The 1965 Pak-Indo war was the first direct and limited war between India and Pakistan militarily, on the question of Kashmir, but India raised the ante higher by widening the ambit of the conflict to the legitimate and undisputed border of Pakistan. For India, the aim was to militarily cripple Pakistan; the abdandonment of its efforts, and the stifling of voices raising the slogans of freedom for the Kashmiri cause. For Pakistan, the driving objective was the freedom of Kashmir from Indian occupation that didn’t yield any significant dividends, due to lack of a well-coordinated offense, but Pakistan successfully combated the enemy soldiers and its tanks, artillery and air force in a defensive mode.

There are numerous myths about this war, created because of uncontrolled exaggeration, as propaganda and counter-propaganda are the tools of defense and national support. The revisionist historians have criticised Pakistan for taking the credit of the stalemated war that was stopped on the UN signal of ceasefire on 22 September.

Why we celebrate this day as ‘National Defense Day’, is because Pakistan military defended its internationally recognized border that Indian Army crossed without formal declaration of war at midnight of 6 September 1965, with the intention of celebrating its victory in Lahore.

It is the victory of defending the legitimate borders, and the Indian strategy of coercing Pakistan to forget about Kashmir cause, by the adoption of tactics that violated the internationally recognized borders, apart from the disputed territory of Kashmir. Pakistan had to defend not only Sialkot and Lahore, but also the Line of Control.

When it comes to the comparison of military power of both the countries, it is obvious that quantitively the Indian strength is more than Pakistan, due to its population, but if qualitative aspect is analysed based on the attrition of conventional assets and personnel, the 1965 war is witness to Pakistan’s military capability, particularly in the foremost task of defending the teritorial borders from the invasion of Indians.

Pakistan and India have been hostile since their inceptions. Initially, the problem got momentum at both public and government level. People migrating from across the border witnessed blood and immense hardships. Communal violence in the historically largest migration of 110 million people fosted enmity between the citizens of two neighboring countries. The malice at top political level also matters a lot, and that is rooted in the unfair boundary commission of Cyril Radcliffe.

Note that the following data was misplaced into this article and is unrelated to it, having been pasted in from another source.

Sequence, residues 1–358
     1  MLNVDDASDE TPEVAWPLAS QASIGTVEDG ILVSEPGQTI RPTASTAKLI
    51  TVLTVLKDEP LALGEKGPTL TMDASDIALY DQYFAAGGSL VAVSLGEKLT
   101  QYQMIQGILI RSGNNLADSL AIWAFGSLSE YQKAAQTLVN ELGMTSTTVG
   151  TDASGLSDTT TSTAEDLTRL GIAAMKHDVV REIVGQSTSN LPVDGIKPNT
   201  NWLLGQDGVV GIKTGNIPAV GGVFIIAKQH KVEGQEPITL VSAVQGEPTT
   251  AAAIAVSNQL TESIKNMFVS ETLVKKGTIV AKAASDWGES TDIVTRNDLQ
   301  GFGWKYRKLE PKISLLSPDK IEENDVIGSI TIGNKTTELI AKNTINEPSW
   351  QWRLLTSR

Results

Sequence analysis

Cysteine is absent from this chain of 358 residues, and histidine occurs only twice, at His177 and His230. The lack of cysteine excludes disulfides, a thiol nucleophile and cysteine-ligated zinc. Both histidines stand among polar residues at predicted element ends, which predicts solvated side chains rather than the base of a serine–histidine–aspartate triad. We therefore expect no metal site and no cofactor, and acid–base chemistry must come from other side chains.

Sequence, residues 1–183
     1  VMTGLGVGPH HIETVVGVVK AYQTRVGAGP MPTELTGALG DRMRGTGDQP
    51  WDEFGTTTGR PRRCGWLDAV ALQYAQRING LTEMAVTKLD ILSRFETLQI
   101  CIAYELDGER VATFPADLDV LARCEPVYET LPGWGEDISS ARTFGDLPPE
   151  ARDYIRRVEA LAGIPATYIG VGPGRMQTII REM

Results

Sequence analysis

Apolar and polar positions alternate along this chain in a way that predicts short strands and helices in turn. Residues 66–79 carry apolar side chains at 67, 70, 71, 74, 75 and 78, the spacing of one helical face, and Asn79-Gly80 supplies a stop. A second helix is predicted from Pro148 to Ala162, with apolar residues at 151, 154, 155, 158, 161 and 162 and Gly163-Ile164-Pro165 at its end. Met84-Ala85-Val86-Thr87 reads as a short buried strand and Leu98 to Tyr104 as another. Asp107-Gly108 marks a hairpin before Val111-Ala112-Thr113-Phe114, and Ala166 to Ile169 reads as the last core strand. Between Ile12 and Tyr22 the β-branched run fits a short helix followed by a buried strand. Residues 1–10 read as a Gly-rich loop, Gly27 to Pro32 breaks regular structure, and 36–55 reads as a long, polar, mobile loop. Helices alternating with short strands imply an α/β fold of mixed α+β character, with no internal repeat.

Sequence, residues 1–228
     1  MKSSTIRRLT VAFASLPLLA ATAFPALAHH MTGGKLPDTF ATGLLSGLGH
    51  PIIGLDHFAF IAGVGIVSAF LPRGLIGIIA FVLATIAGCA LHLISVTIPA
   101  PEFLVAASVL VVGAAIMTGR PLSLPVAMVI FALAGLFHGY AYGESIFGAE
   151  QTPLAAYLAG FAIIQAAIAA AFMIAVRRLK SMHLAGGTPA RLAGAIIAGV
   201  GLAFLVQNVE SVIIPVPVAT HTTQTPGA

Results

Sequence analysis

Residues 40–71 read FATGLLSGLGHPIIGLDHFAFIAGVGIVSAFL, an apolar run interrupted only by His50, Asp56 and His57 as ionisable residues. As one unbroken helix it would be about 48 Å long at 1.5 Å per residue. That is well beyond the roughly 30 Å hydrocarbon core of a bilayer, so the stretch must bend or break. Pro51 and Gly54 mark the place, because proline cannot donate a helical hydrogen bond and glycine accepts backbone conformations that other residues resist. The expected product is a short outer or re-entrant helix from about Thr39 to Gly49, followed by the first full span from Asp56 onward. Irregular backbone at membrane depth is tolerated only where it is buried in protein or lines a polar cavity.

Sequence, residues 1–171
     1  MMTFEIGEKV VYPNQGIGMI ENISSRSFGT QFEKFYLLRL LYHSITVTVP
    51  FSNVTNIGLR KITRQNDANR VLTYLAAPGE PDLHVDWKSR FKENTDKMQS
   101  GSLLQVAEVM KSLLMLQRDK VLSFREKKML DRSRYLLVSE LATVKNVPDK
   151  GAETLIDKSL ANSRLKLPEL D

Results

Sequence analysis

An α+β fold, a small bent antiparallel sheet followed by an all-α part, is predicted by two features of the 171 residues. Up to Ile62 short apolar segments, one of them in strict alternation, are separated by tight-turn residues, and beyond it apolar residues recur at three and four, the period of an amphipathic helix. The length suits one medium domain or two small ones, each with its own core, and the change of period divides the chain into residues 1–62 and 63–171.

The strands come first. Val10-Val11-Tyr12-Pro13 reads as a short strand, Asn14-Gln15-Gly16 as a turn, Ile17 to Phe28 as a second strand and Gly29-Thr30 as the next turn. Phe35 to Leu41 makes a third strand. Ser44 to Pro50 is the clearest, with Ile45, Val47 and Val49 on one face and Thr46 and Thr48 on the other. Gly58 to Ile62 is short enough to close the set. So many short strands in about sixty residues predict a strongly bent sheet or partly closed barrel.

Thus, Kashmir has been a bone of contention between the Indian and Pakistani governments, and animosity on political issues in public can be observed. India also considers insurgency in Kashmir as a rudimentary concern, which actually is based on the legitimate aspirations of the people of occupied Kashmir.

There are two broader ways of defense, offensive and defensive, and both are of vital significance for any country, based on the prevalent geostrategic variables. A social contract between the citizens and state through its laws is formulated as the constitution of a country, and for that, such institutions provide security to lives and the properties of people, in return of which the citizens devote their precious services for their country. Hence, the foremost duty of state’s institutions is to defend the country against agressors and build peace for stable social, political and economic activities.

The Tashkent Declaration in January 1966 was criticized both in Pakistan and India. In India, their leadership had concerns emanating from the non prevention of Pakistan’s military support to the insurgent groups in the Indian Occupied Kashmir. On the other hand, the Pakistanis were not satisfied by the undermining of the resolution of disputed Kashmir.

What Tashkent Agreement clearly manifested, was to return to previous military positions before August 5th and not to interfere in internal affairs of the other country. Some critics from within Pakistan posited that the 1965 war lead to 1971 war and the separation of Pakistan, but no one has pointed out the violation of East Pakistan’s sovereignty by India in support of the Mukti Bahini movement. It can be accounted as an interference in the internal affairs of Pakistan according to the precepts of the Tashkent Agreement. Hence, not only India violated that declaration, but also was not held accountable on international forums by any powerful states nor in the United Nations.

Sun Tzu, an ancient strategist said, ‘To win a war, it is pre-requisite to know your enemy, know yourself and know the ground’. A well planned strategy that comes as the result of great coordination of various frontline institutions, and its well execution under brilliant leadership bear expected outcome of war. Pakistan has always lacked this capability to thoroughly vanquish its enemy, due to the vested institutional interests.

What was the strategic culture in the last century is not the same in this century, and today to be economically stable, and taking lead in outstanding field of information technology bestow any country a status that Sun Tzu quoted, “Subduing enemy without fighting it”. Unparallel conventional military can be made parallel by achieving nuclear strategy that Pakistan has attained with sufficient build-up of nuclear deterrence.


About Author

Saddam Shah is studying Defence and Strategic Studies at the Quaid-e-Azam University, Islamabad. He takes interests in studying about the insurgencies, terrorism, and politics of the South Asian region. On twitter, he can be reached through the handle @Saddam_Shah98

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